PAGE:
Learn how to master one of the most distinctive sounds in blues and rock music.
Before we move on from the minor jazz-blues progression, which we focused on in the last three columns (see them under RELATED ARTICLES), I’d like to offer one more lesson on the topic.
Seymour Duncan’s venture into the pedal market has been an impressively successful second act for a company that was known for decades exclusively as a pickup manufacturer.
My love of effect pedals goes well beyond the normal obsession, but if I were ever limited to having just one effect (with no multi-effect cheating) my choice would be easy: reverb.
Guitars made by the Valco company during the Fifties and Sixties (which include the Supro, National, and Airline brand names, among several others) are often categorized as “pawn shop prizes.”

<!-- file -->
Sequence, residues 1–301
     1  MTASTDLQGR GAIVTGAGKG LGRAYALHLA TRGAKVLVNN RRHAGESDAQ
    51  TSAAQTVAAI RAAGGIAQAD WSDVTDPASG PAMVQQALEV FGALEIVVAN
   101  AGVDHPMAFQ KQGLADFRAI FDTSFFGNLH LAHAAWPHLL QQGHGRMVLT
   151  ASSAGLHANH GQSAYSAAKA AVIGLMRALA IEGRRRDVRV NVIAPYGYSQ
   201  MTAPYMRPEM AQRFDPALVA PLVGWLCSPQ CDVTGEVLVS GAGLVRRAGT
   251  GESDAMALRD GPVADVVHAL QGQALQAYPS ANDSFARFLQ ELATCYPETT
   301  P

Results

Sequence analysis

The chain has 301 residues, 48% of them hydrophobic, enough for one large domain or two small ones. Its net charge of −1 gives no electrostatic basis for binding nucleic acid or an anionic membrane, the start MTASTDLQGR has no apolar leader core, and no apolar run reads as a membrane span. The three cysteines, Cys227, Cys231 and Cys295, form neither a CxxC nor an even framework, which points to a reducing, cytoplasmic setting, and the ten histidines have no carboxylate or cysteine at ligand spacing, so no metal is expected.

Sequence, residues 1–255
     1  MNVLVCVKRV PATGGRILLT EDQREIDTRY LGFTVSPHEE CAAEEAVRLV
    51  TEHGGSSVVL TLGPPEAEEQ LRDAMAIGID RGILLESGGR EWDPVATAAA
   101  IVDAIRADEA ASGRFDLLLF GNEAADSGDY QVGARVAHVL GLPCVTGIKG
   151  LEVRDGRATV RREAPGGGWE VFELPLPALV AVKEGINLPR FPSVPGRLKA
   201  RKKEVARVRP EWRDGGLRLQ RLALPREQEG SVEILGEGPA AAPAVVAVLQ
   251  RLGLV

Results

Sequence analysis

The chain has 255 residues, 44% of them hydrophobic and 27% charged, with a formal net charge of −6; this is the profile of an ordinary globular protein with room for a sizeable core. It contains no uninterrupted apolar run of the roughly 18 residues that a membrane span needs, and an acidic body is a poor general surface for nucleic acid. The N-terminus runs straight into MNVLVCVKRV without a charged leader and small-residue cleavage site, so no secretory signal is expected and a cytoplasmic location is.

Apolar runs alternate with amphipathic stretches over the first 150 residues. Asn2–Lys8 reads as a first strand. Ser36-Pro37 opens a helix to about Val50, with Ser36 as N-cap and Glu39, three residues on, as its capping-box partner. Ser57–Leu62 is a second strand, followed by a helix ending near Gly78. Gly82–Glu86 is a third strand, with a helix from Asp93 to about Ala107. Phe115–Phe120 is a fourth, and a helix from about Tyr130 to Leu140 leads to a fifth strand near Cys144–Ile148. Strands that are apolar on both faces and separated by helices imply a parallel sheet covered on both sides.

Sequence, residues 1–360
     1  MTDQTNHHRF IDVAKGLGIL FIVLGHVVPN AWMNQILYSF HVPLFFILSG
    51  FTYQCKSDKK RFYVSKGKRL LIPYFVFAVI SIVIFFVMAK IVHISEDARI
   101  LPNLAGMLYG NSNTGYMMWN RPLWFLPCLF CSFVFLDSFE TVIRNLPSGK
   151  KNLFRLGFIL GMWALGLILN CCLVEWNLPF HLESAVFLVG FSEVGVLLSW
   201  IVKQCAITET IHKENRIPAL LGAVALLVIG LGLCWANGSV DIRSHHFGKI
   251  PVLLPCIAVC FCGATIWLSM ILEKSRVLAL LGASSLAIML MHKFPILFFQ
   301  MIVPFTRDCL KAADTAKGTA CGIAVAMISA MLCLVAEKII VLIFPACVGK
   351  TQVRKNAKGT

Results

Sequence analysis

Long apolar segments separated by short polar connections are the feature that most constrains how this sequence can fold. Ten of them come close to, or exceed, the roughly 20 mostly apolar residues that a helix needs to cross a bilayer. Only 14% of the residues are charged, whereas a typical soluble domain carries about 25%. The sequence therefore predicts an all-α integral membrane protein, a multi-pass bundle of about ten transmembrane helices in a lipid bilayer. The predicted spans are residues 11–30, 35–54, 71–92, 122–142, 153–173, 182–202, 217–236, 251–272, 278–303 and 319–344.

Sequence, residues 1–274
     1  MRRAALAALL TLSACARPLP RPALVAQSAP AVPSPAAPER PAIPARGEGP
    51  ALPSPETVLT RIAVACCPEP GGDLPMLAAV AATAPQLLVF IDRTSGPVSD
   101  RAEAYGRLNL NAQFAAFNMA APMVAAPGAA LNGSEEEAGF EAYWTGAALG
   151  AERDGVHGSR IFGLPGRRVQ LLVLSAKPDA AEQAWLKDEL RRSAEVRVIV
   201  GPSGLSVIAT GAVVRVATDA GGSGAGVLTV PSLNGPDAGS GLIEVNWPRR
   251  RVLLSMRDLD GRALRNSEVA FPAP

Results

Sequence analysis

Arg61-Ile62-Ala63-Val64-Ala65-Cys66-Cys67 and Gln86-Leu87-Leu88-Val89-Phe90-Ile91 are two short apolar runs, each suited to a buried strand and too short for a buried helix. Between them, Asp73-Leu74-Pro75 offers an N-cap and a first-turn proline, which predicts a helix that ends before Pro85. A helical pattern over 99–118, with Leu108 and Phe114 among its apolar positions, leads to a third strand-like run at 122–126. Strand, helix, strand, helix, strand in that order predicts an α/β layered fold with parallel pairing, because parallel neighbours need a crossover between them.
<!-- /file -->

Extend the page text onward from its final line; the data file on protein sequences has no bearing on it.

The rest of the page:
A song that many fans have asked me about is “Blast Inc.,” which I recorded with my side project, Haunted Shores.
This month, I’d like to discus the art of improvising over a key change, using a modulation of chords that are a half step apart.
Fender may be on their eleven-billionth Stratocaster model, but there’s actually a method to their model madness.